Cookie, Melbourne, Australia again

Another great meal at Cookie on Swanston Street this evening.

There were two of us for a quick meal this evening. It was early when we arrived, about 6:30pm and only half a dozen tables in the restaurant area were occupied when we arrived but the restaurant continued to steadily fill over the next hour.

We only tried two dishes this evening, and both were excellent.

We started off the the drunken prawns with garlic, coriander and Mekong whiskey. There were around six medium sized prawns in the dish. Terribly messy to eat, as you need to shell the prawns with your finger but the mess is worth it as you are left wanting more.

For the second dish we tried something that was new to both of us, the deep fried pork belly with red curry, kaffir lime and beans. You’d think that the pork would get soggy and limp due to the curry sauce, but each piece of pork was still crispy when you ate it. The curry sauce has red and green sliced chillies in it to add a bit of a bite. A totally awesome dish.

We were in and out in about an hour, and by the time we left the restaurant was busy and most, if not all, of the tables were occupied. You’d want to book if you want to get a table after 7pm.

Cookie can be found on the internet at

InterContinental Bangkok, Bangkok, Thailand

I’ve never stayed at a bad InterContinental hotel, and the InterContinental Bangkok is no exception.

As I walked out of immigration at the new Bangkok airport I felt like I was a welcomed guest and my BMW limo was waiting to drive me to the hotel.

I’d heard nightmares stories about Bangkok traffic but it wasn’t until we were a couple of blocks away from the hotel on Ploenchit Road that the traffic really became heavy, bumper to bumper traffic. But that said, it only took us another 10 minutes or so to get to the hotel.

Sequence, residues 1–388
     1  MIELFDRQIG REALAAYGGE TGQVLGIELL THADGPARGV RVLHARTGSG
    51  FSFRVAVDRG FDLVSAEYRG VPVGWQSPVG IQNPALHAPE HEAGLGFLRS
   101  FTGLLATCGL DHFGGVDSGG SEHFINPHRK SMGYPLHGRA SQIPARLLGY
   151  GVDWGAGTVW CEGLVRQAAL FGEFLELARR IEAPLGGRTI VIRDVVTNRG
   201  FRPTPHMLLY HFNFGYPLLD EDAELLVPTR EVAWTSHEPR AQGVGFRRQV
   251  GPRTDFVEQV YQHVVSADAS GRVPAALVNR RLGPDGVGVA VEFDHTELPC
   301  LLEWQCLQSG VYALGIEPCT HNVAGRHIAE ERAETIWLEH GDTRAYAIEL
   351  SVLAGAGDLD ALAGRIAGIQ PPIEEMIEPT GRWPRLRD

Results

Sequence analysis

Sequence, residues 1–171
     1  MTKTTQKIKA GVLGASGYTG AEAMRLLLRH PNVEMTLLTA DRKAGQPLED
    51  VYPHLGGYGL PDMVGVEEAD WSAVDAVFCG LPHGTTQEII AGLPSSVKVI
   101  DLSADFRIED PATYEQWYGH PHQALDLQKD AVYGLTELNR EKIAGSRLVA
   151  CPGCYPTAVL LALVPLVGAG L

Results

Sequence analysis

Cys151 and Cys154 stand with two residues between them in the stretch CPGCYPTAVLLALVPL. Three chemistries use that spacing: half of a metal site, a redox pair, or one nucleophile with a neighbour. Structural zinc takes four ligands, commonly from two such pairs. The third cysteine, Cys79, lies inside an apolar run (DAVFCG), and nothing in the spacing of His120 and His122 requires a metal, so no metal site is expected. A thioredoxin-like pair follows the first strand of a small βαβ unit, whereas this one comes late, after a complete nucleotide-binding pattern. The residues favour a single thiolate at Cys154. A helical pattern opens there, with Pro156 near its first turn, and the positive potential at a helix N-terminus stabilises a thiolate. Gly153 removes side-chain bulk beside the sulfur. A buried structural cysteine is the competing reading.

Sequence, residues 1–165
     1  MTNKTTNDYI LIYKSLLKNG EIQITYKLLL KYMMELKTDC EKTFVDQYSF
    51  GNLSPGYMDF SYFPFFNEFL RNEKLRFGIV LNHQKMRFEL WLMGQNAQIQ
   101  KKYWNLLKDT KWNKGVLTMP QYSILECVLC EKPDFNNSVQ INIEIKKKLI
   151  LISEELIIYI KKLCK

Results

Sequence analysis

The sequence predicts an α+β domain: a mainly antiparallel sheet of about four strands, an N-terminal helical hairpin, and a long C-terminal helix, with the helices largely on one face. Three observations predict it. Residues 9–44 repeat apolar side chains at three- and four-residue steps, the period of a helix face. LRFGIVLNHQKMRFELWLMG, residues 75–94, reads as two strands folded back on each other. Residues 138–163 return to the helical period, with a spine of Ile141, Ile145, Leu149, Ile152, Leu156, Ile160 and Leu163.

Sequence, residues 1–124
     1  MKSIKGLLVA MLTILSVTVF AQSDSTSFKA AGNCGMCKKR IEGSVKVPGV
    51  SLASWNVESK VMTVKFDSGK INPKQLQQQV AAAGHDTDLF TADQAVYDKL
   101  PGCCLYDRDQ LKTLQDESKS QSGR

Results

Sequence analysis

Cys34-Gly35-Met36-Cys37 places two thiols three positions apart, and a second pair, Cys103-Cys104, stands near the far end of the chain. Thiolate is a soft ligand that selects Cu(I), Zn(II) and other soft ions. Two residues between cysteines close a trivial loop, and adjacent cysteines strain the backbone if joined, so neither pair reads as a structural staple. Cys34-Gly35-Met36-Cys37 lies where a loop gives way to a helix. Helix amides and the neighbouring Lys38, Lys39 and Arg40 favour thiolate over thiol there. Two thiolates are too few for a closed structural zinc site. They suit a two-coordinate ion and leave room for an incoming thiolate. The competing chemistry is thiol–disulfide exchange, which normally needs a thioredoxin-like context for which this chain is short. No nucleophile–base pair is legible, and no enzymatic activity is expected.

Upon arrival I was greated by name and whisked into a waiting lift to my room on the 28th floor. I’d been told a couple of days beforehand by e-mail that I’d been upgraded to an Executive Deluxe room because I am an InterContinental Ambassador member.

During the week I found that the bed and pillows were great, certainly some of the most comfortable that I’ve had in a while that allowed me to sleep like I was almost at home. The shower was huge within a standard sized, but not cramped, bathroom. The bathroom also has a bath that I didn’t use.

I did find the walls a little bit thin a couple of times, with noises from the adjacent rooms becoming annoying, but thankfully the interruptions were brief and infrequent.

The location of the hotel was great, right next to Chit Lom Skytrain station, and it was only a short walk or Skytrain ride to a whole heap of local shopping malls. MBK was probably a 15 minute walk away. Work was just 10 minutes away on the Skytrain at Ari.

I did use room service a couple of times, and the food was exceptional, though expensive by local standards. But that is to be expected in any quality hotel.

A great hotel that I will stay at next time I travel to Bangkok.

Qantas Premium Economy

On my recent trip from Sydney to Bangkok I decided to upgrade myself from Economy to Premium Economy using frequent flyer points.

On the Qantas 747 premium economy is a 2-4-2 configuration and you have a couple of more inches of legroom over normal economy class. On my plane there were 32 seats in a curtained off cabin that is situated between business and economy just behind the main galley. The area would have been standard economy seats before premium economy was introduced.